News > Deals withdraws IPO
August 18, 2000: 2:12 p.m. ET

Online home delivery service cancels $150M offering, citing market conditions
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NEW YORK (CNNfn) -, the online home delivery service that will bring everything from videos to snack food to your front door, withdrew its planned $150 million initial public offering Friday, citing unfavorable market conditions.

In a brief statement, the New York-based company, which has attracted several high-profile backers including (AMZN: Research, Estimates), asked the U.S. Securities and Exchange Commission to withdraw its application immediately.

The company originally filed to go public in March in a deal led by Credit Suisse First Boston, but had not yet indicated how many shares it expected to sell or at what price.

The withdrawal comes at a time when the IPO market has started to show significant signs of rebirth. But Internet stocks still largely remain out of favor with investors.

"At this time, we have the capital on hand, enough flexibility and confidence in our model to go public when it makes sense for the company," said Matt Higgins, a spokesman. "Our focus right now is on profitability."

Higgins said the company expects to refile for an IPO "sometime early next year."

The withdrawal also occurs as Kozmo is rumored to be mulling the acquisition of its chief rival,, which operates similar services in New York and London. Such a deal would allow Kozmo to gain a foothold in Europe in addition to boosting revenue. Higgins said the company had no comment on the rumors.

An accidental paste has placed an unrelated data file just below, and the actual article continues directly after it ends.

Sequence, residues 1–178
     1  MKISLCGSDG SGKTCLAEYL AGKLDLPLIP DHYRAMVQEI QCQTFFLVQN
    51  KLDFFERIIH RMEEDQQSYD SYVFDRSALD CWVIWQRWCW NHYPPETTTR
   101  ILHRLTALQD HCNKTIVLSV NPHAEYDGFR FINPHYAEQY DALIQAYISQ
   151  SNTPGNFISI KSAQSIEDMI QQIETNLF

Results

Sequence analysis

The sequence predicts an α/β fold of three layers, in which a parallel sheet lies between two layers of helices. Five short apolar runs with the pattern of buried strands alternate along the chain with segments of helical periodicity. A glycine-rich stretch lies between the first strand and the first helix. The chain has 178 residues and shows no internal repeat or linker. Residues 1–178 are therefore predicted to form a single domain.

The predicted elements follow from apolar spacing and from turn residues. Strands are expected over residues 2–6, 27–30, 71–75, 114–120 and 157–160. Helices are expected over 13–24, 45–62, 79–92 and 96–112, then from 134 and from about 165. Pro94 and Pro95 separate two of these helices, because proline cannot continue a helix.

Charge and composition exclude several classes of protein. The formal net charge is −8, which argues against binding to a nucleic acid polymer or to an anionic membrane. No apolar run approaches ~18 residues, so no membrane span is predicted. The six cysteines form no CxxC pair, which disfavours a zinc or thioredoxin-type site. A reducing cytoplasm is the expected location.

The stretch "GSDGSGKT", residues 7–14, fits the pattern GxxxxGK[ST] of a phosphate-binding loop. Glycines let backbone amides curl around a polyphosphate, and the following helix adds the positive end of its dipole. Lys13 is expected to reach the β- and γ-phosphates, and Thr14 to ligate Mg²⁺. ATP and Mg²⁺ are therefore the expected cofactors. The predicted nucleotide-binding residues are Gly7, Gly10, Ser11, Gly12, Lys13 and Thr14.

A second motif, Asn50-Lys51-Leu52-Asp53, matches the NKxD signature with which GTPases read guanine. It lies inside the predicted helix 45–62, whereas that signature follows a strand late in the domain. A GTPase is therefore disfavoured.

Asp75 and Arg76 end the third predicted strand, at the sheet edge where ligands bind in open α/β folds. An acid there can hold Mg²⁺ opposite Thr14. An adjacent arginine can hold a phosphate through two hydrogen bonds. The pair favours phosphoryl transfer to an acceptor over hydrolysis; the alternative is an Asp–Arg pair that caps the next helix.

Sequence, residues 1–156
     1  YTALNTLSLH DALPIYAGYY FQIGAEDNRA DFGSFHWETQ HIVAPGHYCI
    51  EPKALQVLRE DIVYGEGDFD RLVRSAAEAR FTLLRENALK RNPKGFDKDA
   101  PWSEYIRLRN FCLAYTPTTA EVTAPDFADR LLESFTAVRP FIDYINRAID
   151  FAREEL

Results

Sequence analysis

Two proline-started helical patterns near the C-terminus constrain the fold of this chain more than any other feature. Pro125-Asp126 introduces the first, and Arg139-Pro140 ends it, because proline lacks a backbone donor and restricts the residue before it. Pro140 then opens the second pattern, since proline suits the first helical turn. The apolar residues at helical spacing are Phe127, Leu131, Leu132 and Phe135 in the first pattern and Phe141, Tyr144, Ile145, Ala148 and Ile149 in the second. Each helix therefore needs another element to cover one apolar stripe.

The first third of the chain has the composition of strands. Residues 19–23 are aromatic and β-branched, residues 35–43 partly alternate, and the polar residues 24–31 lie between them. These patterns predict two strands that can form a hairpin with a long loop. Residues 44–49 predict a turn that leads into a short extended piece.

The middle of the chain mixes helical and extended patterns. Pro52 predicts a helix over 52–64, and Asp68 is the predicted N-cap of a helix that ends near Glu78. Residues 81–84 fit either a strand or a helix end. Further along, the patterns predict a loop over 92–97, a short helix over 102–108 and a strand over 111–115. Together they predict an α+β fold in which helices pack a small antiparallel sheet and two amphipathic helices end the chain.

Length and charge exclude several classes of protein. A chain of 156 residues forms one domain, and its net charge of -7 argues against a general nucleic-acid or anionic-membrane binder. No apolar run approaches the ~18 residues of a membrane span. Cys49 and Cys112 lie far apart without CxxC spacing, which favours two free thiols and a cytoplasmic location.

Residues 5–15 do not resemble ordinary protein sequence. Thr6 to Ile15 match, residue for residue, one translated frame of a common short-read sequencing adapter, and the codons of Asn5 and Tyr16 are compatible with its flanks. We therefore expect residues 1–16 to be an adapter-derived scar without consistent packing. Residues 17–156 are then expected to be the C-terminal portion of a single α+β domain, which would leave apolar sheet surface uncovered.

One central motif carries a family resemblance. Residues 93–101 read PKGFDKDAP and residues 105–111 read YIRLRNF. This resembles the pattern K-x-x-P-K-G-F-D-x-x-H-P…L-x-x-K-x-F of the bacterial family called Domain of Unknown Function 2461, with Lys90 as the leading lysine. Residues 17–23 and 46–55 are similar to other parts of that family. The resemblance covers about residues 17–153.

Profit hasn't followed expansion

Two young Wall Street professionals, Joseph Park and Yong Kang, founded in April 1997. Park, Kozmo's 28-year-old CEO, was an analyst in the corporate finance division of blue-chip investment bank Goldman Sachs & Co. Kang, the company's 27-year-old president, was an assistant vice president at Societe Generale in the media and communications group.

The company has experienced a rapid expansion since its creation as a video delivery service in New York City. Kozmo will now deliver everything from Starbucks brand ice cream to Krispy Kreme doughnuts to a Palm Pilot electronic organizer in 11 cities across the country in under an hour.

However, the company's growth has done little to pare its loses, which totaled $26 million on revenue of $3.5 million last year.

The company laid off 275 employees last week, and is rumored to be considering laying off an additional 40 employees, according to recent press reports. Back to top

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